No, we don’t have that to breakout right now, but we will provide some color on that on our future calls.

Jim Chartier - Monness, Crespi and Hardt

And then can you discuss comp sales in the fourth quarter?

Russ Hammer

Sure, that’s a great question, thanks. Our U.S. comps as I mentioned on the call were up 12% and we were very, very pleased with that performance. Also I think on a down year we comped up 1% for the year overall in our retail business, so I think that’s a reflection of in a difficult environment the consumer still see as a great value and quality in the Crocs product which is why we’ve seen the comp up in our retail operations.

Jim Chartier - Monness, Crespi and Hardt

In terms of store growth, can you give us an idea of where you expect 2010 in terms of numbers of kiosks or price doors, Shop n’ Shop and outlets?

John Duerden

So we have said we are going to see modest growth in our retail business in all three markets in the U.S. in Europe and in Asia we continue to evaluate all of our existing stores was a very rigorous process and we will continue to see a slight shift down on the kiosks and a little more shift towards our branded store and little bit outlets as well. So I think the shift that you saw in third quarter you should continue to see that shift as we go forward.

Jim Chartier - Monness, Crespi and Hardt

Okay and then the expected the growth in the retail, is that going to come primarily from comp sales or from new store?

John McCarvel


John Duerden

I was going to say about half and half to be honest.

John McCarvel

Okay I think our expectation for retail this year is somewhere between 40 and 50 stores globally were in 2010.

Jim Chartier - Monness, Crespi and Hardt

Great that’s helpful. Finally, can you give us an idea in terms of rebuilding the domestic wholesale business? Have you added any major new accounts that may be you had lost year or how many independent doors you’ve added year-over-year, just give us a flavor there.

John Duerden

I think may be the way to look at that from our perspective is that we have worked diligently to rebuild our relationships with all of our key customers in all different channels for this department for sporting goods or other channel. We have gone back really to the independent channel that started with brand not existing but some of the more trend forward types of retailers that would have carried our products back into 2007, 2008 and may be left us during the time where we were a more less discriminating about where we put our product. And then I think the other way to look at this is, and I mentioned is that, we look at the family channel with the type of key retailers there, the famous footwear, DSW and others that are really the perfect market channel for us to sell product and so we’re building I think good relationship their, emerging relationship there that will help us as we go into ‘11 and ‘12.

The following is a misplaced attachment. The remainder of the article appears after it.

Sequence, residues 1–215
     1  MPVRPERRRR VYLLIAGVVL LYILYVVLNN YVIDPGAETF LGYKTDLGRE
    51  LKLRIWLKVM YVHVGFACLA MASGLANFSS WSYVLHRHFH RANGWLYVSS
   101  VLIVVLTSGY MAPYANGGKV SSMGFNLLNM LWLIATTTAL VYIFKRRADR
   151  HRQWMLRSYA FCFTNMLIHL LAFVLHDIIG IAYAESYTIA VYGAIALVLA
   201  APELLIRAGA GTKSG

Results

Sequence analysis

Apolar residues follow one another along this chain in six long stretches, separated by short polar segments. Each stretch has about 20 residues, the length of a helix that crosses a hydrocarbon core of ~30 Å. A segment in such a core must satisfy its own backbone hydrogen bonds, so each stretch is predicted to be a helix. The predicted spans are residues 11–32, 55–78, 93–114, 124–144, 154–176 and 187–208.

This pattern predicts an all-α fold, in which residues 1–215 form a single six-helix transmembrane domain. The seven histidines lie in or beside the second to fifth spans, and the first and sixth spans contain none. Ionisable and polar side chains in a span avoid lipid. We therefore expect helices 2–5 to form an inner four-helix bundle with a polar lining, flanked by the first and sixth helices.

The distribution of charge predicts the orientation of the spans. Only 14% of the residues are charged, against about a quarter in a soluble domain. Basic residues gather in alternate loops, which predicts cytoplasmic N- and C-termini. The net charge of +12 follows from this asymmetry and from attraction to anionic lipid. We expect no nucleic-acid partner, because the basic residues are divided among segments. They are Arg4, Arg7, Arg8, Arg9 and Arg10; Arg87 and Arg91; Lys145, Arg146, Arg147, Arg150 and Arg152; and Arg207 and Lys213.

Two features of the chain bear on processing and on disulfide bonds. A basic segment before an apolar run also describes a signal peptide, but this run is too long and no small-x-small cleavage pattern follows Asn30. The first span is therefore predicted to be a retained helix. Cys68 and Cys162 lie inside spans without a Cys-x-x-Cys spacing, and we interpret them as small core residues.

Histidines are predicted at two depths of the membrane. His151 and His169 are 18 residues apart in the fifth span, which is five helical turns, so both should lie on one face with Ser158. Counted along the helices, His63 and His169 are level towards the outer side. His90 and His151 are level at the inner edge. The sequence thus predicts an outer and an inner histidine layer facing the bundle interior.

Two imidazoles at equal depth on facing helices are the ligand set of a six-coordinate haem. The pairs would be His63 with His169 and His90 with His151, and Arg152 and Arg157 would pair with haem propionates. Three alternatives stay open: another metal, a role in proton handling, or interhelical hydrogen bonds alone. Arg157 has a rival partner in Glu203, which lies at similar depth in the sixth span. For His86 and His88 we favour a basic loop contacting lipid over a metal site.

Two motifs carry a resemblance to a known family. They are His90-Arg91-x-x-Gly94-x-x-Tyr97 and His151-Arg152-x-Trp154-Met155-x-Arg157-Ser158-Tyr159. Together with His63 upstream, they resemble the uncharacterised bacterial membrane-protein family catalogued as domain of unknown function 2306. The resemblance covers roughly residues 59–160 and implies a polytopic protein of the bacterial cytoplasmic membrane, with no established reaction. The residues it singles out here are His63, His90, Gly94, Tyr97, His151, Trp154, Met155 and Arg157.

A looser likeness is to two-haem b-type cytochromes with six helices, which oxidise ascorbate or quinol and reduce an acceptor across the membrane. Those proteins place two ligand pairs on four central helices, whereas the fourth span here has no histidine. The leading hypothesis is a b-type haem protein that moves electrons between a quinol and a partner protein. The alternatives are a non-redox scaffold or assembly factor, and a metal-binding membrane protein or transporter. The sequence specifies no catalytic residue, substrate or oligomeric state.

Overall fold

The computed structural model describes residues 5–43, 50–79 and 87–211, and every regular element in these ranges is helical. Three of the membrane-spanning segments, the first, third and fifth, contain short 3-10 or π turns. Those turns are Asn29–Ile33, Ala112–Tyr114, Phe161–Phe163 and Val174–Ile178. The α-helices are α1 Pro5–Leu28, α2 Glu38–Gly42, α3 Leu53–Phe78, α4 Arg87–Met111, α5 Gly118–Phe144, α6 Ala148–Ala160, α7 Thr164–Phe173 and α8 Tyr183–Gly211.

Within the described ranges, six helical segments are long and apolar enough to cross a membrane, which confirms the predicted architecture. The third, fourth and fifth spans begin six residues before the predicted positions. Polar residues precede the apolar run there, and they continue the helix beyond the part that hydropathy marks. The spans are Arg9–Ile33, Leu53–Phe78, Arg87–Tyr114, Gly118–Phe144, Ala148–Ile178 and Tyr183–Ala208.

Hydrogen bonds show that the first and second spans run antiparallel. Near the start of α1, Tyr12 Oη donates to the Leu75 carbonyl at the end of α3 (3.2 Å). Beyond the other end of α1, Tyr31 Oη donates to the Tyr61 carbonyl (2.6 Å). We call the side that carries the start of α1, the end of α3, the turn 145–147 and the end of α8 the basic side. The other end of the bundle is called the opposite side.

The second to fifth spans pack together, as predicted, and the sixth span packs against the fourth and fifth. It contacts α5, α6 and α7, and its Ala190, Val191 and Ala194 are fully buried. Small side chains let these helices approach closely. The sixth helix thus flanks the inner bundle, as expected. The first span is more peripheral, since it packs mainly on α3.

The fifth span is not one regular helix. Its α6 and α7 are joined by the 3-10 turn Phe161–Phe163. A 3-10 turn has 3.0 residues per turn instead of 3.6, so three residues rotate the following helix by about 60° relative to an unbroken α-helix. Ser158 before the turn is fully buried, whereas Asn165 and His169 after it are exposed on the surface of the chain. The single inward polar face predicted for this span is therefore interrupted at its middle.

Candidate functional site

At this time, I would like turn the call back over to company management for any additional our closing remarks.

John McCarvel

I’ll just sign off I guess (inaudible) one. I think that we’ve had a good year, a really interesting year, I think the management team has come together. I really believe that the handover should be smooth. I see absolutely no reason, we are committed to the plan here and I think entire management team develop the plan has committed to the plan and we will work specially on putting that together and I am confident frankly that Crocs is going to be successful this year. And I am looking forward to observing that from far. So, John, I wish you congratulations and all the best of luck.

John Duerden

Thanks, John.

John McCarvel

Thank you all and thank you for following us.


Ladies and gentlemen, that does conclude today's call. Thank you all for your participation.